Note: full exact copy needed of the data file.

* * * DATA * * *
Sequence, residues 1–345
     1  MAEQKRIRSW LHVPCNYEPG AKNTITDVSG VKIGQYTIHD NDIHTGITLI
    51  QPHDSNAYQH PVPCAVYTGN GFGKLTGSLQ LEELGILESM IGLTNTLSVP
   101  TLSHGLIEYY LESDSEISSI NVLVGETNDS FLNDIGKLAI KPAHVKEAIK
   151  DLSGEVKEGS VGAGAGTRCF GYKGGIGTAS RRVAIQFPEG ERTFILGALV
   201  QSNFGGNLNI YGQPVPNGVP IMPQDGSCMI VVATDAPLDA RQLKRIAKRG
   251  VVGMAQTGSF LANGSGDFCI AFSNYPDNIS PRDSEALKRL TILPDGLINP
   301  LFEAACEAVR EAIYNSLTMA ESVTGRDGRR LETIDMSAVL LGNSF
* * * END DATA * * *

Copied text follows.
Sequence, residues 1–345
     1  MAEQKRIRSW LHVPCNYEPG AKNTITDVSG VKIGQYTIHD NDIHTGITLI
    51  QPHDSNAYQH PVPCAVYTGN GFGKLTGSLQ LEELGILESM IGLTNTLSVP
   101  TLSHGLIEYY LESDSEISSI NVLVGETNDS FLNDIGKLAI KPAHVKEAIK
   151  DLSGEVKEGS VGAGAGTRCF GYKGGIGTAS RRVAIQFPEG ERTFILGALV
   201  QSNFGGNLNI YGQPVPNGVP IMPQDGSCMI VVATDAPLDA RQLKRIAKRG
   251  VVGMAQTGSF LANGSGDFCI AFSNYPDNIS PRDSEALKRL TILPDGLINP
   301  LFEAACEAVR EAIYNSLTMA ESVTGRDGRR LETIDMSAVL LGNSF